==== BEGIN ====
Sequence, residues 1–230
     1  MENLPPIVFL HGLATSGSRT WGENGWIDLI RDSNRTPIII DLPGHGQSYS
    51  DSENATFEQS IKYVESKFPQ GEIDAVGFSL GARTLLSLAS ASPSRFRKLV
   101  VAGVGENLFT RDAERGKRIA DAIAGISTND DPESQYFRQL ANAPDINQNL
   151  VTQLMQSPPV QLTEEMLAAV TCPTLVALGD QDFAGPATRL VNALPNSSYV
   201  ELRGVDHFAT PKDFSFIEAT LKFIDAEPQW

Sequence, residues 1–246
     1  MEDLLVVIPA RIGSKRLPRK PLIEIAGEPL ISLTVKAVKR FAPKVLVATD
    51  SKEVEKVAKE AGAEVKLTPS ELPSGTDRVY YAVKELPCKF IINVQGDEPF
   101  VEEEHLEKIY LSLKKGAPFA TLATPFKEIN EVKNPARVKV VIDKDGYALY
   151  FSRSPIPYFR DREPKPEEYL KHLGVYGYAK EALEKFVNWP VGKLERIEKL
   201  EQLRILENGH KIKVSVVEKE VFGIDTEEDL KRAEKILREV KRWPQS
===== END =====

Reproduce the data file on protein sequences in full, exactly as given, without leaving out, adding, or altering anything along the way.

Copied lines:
Sequence, residues 1–230
     1  MENLPPIVFL HGLATSGSRT WGENGWIDLI RDSNRTPIII DLPGHGQSYS
    51  DSENATFEQS IKYVESKFPQ GEIDAVGFSL GARTLLSLAS ASPSRFRKLV
   101  VAGVGENLFT RDAERGKRIA DAIAGISTND DPESQYFRQL ANAPDINQNL
   151  VTQLMQSPPV QLTEEMLAAV TCPTLVALGD QDFAGPATRL VNALPNSSYV
   201  ELRGVDHFAT PKDFSFIEAT LKFIDAEPQW

Sequence, residues 1–246
     1  MEDLLVVIPA RIGSKRLPRK PLIEIAGEPL ISLTVKAVKR FAPKVLVATD
    51  SKEVEKVAKE AGAEVKLTPS ELPSGTDRVY YAVKELPCKF IINVQGDEPF
   101  VEEEHLEKIY LSLKKGAPFA TLATPFKEIN EVKNPARVKV VIDKDGYALY
   151  FSRSPIPYFR DREPKPEEYL KHLGVYGYAK EALEKFVNWP VGKLERIEKL
   201  EQLRILENGH KIKVSVVEKE VFGIDTEEDL KRAEKILREV KRWPQS